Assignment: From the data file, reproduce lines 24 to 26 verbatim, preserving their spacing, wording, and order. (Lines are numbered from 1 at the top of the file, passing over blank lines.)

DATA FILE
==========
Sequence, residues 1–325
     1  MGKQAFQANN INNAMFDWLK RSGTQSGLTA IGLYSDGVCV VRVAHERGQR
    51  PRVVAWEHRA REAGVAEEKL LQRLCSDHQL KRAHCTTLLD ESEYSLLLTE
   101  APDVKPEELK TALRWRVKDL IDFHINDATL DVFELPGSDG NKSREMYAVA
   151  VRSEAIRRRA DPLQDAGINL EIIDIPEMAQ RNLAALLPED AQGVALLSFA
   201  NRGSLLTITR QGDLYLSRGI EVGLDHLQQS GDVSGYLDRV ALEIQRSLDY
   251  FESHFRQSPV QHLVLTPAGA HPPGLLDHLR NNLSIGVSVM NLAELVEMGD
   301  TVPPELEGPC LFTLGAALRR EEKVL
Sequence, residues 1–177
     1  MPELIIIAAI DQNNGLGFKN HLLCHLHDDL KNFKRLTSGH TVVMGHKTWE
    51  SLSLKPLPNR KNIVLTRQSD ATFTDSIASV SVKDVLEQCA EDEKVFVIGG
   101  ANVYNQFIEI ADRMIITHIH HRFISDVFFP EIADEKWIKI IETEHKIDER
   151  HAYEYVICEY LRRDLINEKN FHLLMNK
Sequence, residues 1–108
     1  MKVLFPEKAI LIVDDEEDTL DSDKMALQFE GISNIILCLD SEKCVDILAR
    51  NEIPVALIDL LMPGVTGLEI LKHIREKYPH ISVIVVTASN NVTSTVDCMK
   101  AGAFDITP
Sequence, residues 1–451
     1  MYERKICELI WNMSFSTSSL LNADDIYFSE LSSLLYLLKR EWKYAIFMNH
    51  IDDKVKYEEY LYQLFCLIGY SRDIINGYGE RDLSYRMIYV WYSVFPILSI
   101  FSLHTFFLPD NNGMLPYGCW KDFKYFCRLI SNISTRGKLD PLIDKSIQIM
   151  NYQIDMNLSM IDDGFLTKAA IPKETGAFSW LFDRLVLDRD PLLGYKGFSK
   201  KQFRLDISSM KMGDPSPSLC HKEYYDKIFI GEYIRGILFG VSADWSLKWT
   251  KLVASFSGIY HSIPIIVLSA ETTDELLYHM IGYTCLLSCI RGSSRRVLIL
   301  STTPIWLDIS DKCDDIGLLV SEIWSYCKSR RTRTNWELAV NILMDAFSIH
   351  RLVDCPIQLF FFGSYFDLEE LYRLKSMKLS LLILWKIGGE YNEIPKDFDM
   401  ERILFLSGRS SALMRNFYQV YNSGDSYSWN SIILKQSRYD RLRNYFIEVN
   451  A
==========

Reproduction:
   251  KLVASFSGIY HSIPIIVLSA ETTDELLYHM IGYTCLLSCI RGSSRRVLIL
   301  STTPIWLDIS DKCDDIGLLV SEIWSYCKSR RTRTNWELAV NILMDAFSIH
   351  RLVDCPIQLF FFGSYFDLEE LYRLKSMKLS LLILWKIGGE YNEIPKDFDM